Seether

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Poison The Parish World Tour

OPENING ACT(s): Tremonti

Sat 9/15

Doors 7:30 / Show 8:30
Electric Factory
— $35 ADV - $40 DOS | All Ages
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Biography

A few years ago, “famous” displaced “teacher” as the number one career choice for children. When another recent study asked, “What do you want to be when you grow up?” one in five kids replied, “I just want to be rich.” High on the ultimate drug, worshippers of a new pop culture religion with its own twisted clergy, a generation of vacuous celebrities chases fame as its own reward, jettisoning any pretenses about talent, sincerity, or artistry. Thankfully, there are still dedicated, hardscrabble, no-nonsense soothsayers, organizers, musicians, and likeminded creative badasses who’ve defiantly said, “enough!” Like SEETHER, the multiplatinum rock radio anthem-making machine whose albums, songs, and live performances are armed with big riffs, bigger melodies, crunchy tones, and atmosphere. SEETHER’s existence itself is an act of rebellion, weaponized to cut through the noise with truth telling clarity and undeniable authenticity. Even as no-talent hacks and cartoon social media living mannequins seek to dominate the discourse, SEETHER takes a stand against those who Poison the Parish. “We want to bring back musicality, playing loud, and the importance of having something to say that you can stand behind,” declares SEETHER front man/co-founder Shaun Morgan. “It’s about honesty in your music." Poison the Parish, the band’s seventh studio album, arrives just in time on Morgan’s new label imprint Canine Riot Records, via Concord Music Group. Morgan also served as producer (the first time he’s produced an album in its entirety), working alongside engineer and mixer Matt Hyde (Slayer, Deftones, Hatebreed) at Nashville’s Blackbird Studio, which has played host to everyone from Taylor Swift to Jack White. Make no mistake. Poison the Parish displays no specific agenda, political or religious. But it is personal. This time out, SEETHER restored their sound with the blood, sweat and heaviness that’s long powered their career. In this day and age, keeping it real and doing it for the right reasons is a bold statement in and of itself. At a point where most bands start to waver, SEETHER have made certain album seven is the band’s heaviest yet. “What it really boils down to is that I am disgusted and horrified by what I see society becoming, the complete idolatry of vapid social media and reality TV ‘stars,’” Morgan explains. “It hearkens back to the days of clergy shaping a society as voices of authority; now we’ve got these people glorifying soullessness and lack of talent. They're preaching this gospel that you can be famous, as long as you have the right face or the right body or the right connections. They aren’t saying, ‘Hey, go out there and write a book, invent something, try to cure cancer.’ It's all about getting the angles right, to create this illusion that your life is great.” Poison the Parish is filled with newfound ferocity and purpose, all built around Morgan’s gift for classic pop melody and structure. Album opener “Stoke the Fire,” is a focused statement of purpose and the message is clear: SEETHER is a hard rock n’ roll band, first and foremost. Lead single “Let You Down” is a dynamic, groove-oriented earworm. The moody vibe of “Emotionless” is relentless and chilling while “Against the Wall,” brooding and melodic, reverberates with honesty and self-reflection. Descendants of Nirvana, early Alice In Chains, and Soundgarden, SEETHER continues to create modern, urgent and memorable music fifteen years into an illustrious and highly successful career. Creating something of value and meaning is SEETHER’s cultural antidote, its north star. And with Poison the Parish, they’ve done it with unrestrained power and grace. “Give something to people,” Morgan says. “Make people's lives better in some way. That's really the point.”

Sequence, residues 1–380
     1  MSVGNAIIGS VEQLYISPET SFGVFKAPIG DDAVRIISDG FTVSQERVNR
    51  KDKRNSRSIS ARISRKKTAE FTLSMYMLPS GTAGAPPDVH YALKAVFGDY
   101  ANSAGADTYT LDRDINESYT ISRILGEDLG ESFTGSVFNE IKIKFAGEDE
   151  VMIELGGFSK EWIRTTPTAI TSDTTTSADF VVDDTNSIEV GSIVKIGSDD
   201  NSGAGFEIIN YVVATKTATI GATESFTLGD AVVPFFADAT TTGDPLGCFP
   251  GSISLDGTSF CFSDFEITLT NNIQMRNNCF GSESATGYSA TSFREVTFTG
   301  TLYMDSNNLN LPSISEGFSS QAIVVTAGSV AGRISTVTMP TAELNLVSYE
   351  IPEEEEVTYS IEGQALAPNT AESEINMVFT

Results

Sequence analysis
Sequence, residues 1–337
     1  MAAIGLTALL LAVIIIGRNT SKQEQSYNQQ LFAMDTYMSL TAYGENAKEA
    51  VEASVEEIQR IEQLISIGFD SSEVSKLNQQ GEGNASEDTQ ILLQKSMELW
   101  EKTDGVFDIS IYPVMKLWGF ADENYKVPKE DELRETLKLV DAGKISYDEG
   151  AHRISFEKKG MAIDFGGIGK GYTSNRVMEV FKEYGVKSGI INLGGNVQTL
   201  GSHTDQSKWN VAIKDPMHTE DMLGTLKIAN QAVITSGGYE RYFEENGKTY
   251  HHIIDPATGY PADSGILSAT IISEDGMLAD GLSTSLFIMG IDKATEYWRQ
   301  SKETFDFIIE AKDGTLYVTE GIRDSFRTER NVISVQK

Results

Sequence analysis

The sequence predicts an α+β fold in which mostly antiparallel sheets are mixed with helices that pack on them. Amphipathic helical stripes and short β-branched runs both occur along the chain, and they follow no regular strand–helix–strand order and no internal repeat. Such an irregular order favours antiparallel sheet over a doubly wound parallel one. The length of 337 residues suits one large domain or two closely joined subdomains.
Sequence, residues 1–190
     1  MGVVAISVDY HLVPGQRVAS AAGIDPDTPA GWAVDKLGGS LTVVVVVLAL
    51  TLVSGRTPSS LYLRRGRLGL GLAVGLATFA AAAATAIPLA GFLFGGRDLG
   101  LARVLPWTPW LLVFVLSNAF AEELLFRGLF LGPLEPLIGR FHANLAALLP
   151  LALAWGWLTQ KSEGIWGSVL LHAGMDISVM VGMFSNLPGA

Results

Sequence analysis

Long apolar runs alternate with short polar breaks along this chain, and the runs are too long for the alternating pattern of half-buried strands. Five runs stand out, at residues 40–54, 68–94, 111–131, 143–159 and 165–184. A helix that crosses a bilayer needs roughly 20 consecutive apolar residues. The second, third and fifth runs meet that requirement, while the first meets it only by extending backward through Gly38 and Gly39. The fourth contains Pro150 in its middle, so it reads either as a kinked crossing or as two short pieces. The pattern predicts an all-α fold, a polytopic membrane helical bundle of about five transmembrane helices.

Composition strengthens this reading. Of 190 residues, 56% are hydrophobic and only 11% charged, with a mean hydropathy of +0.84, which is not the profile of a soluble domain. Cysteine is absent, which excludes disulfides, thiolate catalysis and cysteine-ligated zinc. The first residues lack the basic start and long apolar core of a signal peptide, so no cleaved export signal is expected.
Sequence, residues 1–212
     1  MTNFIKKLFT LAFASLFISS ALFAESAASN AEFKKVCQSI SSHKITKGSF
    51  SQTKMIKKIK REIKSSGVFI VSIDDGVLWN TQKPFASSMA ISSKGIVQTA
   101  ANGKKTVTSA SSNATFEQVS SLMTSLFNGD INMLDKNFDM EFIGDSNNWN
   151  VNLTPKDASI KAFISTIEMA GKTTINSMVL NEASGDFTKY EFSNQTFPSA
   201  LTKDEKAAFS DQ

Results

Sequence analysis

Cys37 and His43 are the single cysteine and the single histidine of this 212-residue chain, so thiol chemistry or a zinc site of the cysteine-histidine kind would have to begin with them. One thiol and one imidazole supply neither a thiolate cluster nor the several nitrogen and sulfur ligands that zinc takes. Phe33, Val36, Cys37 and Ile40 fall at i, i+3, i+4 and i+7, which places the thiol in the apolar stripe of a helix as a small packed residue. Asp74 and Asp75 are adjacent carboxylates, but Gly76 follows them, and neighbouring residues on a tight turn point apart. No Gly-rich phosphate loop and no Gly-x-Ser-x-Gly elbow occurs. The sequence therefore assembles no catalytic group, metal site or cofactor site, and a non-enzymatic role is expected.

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  • Tremonti

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    Every lasting legacy remains rooted in an undying urge to grow. After two decades at the forefront of all things guitar, a GRAMMY®Award win, 40 million-plus units sold between Alter Bridge, Creed, and his eponymous Tremonti, and countless other accolades, Mark Tremonti once again summited an uncharted creative peak in 2018...For the very first time, the guitarist and singer crafted an immersive concept and accompanying novel for Tremonti’s fourth full-length album and first for Napalm Records, A Dying Machine. As passionate about authors like Gene Wolfe and George R.R. Martin as he is about hard rock and heavy metal, the multitalented musician architected a big screen-worthy tale amplified by his most cohesive sonic vision to date.“I’ve never done anything like this,” he admits. “I had the vision in mind the entire time. Some songs directly relate to the narrative, while some of them are more ambiguous. Even with the concept, it’s very personal. At it’s core, this is a human story, but with a twist.”Since emerging in 2012, he and his bandmates—Eric Friedman [guitar, bass] and Garrett Whitlock [drums]—have built the foundation for such an ambitious statement. Their full-length debut All I Was and the follow up records Cauterize and Dust have earned the band a very strong following. The band has supported these records with extensive headlining gigs and festival appearances everywhere from Rock on the Range to Shiprocked. In the minutes leading up to an Alter Bridge show in Hungary, the idea for this opus serendipitously arrived.

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